If your A1c is over 5.6 (but under 6.0) or your fasting glucose is over 90 (over 100 for low-carb eaters) or your first two-hour post-meal readings (either or both of them) go over 140 or you are not back to baseline within 3 hours you are accumulating metabolic damage that is doing material harm to your body. Your doctor will probably not detect this in his routine screen but if you ran the (expensive) OGTT w/insulin assay test, which your insurance will not cover in this instance since there is no clinical indication of disease, I'll lay a large wager it would show significant metabolic compromise with insulin levels perhaps as much as twice normal levels. You're at severe risk down the road even if you are not overweight and if you are overweight you're a walking heart attack or stroke unless you change what you're doing. More than half of all adults in the US and most people over 65 are in this category or one of the worse ones below.
If your A1c is over 6% or fasting glucose is over 100 (irrespective of what you eat) or either of the first two post-meal readings is over 160 (you almost-certainly won't be back to baseline within 3 hours in this instance) you're either diabetic now or shortly will be. Your doctor will be able to detect this in a routine screen; if he's honest he'll call it "pre-diabetes" and if he does your medical chart will be "branded" forever which, to the extent legal now or ever again, will trash your ability to obtain health insurance at a rational cost. You'll also get a whole raft of pills shoved at you, probably including metformin (to start) and a statin. That's the traditional thing for them to do but it may be both harmful and unnecessary.
If your A1c is over 6.5% or fasting glucose is over 130 or any of your post-meal readings are over 200 you are in trouble as you are almost-certainly clinically diabetic now. This pretty-much meets the "bright line" test in the medical establishment to call you diabetic. If this is the case your chart and impact on health insurance is irrelevant if you change nothing as it is a virtual certainty you will if not are suffering real, material and serious damage to your health. You're probably symptomatic too but denying it. It is your call what to do with that information but before you run to the doctor for a formal diagnosis and permanent branding on your medical chart, assuming you haven't previously been diagnosed, read the rest of this article.
If you're of both of normal weight and your results are in the first category then relax -- and in a year, or if you become overweight, do it again just to keep tabs on things.
But let's assume you are either (1) overweight or (2) your results are in any of the bottom three categories irrespective of your weight.
Try the following for a short period of time (4 weeks):
1. Stop eating sugars of any sort. If it says "sugar", "fructose", "sucrose", "corn syrup", "hfcs" or anything of the sort anywhere on the label do not eat it. No more cookies, no more chocolate, no more sugar in the coffee, no sugared sodas, etc. Just stop. No exceptions, no tapering down, stop.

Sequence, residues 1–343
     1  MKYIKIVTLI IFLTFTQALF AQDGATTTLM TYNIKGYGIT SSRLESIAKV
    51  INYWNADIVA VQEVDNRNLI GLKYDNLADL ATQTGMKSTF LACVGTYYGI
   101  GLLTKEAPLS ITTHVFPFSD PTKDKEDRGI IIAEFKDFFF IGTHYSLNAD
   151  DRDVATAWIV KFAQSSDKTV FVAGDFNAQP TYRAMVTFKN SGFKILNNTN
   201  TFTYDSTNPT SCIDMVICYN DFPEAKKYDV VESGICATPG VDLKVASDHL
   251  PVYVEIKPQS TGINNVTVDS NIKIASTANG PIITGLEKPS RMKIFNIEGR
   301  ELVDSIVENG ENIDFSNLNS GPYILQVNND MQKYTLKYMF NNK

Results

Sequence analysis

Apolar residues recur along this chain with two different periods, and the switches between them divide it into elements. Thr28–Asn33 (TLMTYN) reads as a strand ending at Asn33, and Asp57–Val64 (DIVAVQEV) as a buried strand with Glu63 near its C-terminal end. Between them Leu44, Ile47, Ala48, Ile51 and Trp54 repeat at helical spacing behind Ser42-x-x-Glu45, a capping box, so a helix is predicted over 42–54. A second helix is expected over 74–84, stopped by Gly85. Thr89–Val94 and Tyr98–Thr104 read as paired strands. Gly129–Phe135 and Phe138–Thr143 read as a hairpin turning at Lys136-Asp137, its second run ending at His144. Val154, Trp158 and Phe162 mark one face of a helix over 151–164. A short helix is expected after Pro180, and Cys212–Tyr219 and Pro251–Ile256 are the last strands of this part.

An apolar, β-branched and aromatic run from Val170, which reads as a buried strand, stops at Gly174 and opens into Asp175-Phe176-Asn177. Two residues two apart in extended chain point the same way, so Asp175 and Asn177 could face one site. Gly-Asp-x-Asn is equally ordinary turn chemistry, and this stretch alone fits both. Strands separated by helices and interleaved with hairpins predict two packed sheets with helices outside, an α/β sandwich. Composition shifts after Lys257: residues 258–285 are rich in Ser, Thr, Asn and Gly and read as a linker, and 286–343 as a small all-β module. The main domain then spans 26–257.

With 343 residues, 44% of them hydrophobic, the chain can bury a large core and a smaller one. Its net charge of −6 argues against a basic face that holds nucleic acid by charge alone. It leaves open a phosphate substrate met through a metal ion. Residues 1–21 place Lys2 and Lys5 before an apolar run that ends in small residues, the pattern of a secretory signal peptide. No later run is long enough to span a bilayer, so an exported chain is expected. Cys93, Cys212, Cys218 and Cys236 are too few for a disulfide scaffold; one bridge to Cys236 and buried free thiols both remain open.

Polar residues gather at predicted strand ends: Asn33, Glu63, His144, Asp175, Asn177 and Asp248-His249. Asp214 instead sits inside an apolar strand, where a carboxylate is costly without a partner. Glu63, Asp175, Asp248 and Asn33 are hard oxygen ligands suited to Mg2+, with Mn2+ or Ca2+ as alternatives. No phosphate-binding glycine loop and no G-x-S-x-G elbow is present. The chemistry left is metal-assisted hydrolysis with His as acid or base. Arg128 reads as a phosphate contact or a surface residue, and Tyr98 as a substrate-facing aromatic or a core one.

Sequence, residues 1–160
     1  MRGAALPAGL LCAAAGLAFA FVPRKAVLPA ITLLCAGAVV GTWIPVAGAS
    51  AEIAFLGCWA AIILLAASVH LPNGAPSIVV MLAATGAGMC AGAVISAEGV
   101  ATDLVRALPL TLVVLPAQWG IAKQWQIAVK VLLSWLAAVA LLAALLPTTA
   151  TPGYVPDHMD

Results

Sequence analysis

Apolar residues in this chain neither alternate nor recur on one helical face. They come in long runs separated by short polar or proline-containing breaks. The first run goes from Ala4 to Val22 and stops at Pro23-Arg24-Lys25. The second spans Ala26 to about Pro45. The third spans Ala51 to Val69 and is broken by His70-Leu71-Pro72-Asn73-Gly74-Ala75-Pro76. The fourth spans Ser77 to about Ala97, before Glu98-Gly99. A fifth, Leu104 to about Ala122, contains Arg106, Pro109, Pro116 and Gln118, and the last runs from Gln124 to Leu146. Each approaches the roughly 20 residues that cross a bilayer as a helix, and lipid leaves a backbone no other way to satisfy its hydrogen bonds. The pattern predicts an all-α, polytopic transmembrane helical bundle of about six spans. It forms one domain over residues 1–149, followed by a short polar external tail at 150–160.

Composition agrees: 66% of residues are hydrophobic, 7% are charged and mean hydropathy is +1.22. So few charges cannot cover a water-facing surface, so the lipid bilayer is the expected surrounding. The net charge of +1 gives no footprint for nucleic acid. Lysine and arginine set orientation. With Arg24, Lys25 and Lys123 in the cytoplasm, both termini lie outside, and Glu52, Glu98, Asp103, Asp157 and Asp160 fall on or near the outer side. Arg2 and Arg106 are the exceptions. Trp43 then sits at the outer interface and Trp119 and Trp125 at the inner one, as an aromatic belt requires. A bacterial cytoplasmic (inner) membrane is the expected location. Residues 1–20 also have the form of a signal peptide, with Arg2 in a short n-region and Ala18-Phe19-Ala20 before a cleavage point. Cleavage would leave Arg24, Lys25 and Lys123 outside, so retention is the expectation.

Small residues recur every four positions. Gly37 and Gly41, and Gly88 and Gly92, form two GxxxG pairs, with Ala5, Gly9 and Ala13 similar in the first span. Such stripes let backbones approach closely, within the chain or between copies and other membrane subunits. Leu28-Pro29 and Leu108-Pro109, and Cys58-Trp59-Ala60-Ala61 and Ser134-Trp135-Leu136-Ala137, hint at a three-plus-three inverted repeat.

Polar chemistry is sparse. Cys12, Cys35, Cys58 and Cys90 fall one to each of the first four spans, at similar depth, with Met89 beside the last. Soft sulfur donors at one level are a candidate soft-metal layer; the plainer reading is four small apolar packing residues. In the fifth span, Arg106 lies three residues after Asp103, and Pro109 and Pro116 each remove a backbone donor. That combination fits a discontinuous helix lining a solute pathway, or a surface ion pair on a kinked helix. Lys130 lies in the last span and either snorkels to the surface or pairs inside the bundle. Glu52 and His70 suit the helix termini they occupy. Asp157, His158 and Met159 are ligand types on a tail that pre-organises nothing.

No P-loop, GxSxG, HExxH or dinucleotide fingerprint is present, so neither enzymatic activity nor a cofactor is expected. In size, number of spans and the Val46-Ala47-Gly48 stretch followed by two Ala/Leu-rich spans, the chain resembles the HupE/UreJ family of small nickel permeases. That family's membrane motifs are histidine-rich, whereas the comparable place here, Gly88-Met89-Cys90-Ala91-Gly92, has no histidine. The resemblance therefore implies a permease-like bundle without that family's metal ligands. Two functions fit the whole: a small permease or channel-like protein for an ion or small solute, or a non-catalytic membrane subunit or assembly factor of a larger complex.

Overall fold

2. Stop eating starches and grains. No more pastas or potatoes of any sort. No more bread irrespective of the type.
3. Stop eating anything containing machine-processed vegetable oils. No more corn oil, canola, rapeseed, etc. No cooking with any of these oils and yes, that includes peanut oil; the only exception is olive oil as a salad dressing (e.g. with vinegar.) This crap is in a lot of "food" and no amount of it is healthy. This means no more packaged foods in the general sense; no more boxed dinners, canned ravioli, "lunch pouches or easy-prepare things" and similar (those probably break all three constraints!), nothing that comes in a bag (other than frozen vegetables), etc. This also means no fried food of any sort prepared away from home since essentially nowhere fries anything in either tallow or lard any more (but they should.) If you like wings find a place that bakes them and order them with the dry rub instead of the HFCS-laden sauce.
These three rules above are absolutes. You'll be tempted to cheat, but we're talking about a month here. Just don't; you can do it, and you know it.
Now on to what you do eat.
4. Do eat all the green vegetables, whole, not canned or packaged, you want. Find something or a bunch of somethings you like such as broccoli, brussels sprouts, bell peppers, lettuce and similar. Whole, fresh or frozen (e.g. in a bag) are fine; canned or otherwise processed are not. Substitute these any time you would otherwise eat any sort of snack and keep eating them until you're not hungry any more. It's not impossible and it won't hurt you; in fact, they're all good for you. It is close to impossible to overeat if you're consuming green vegetables.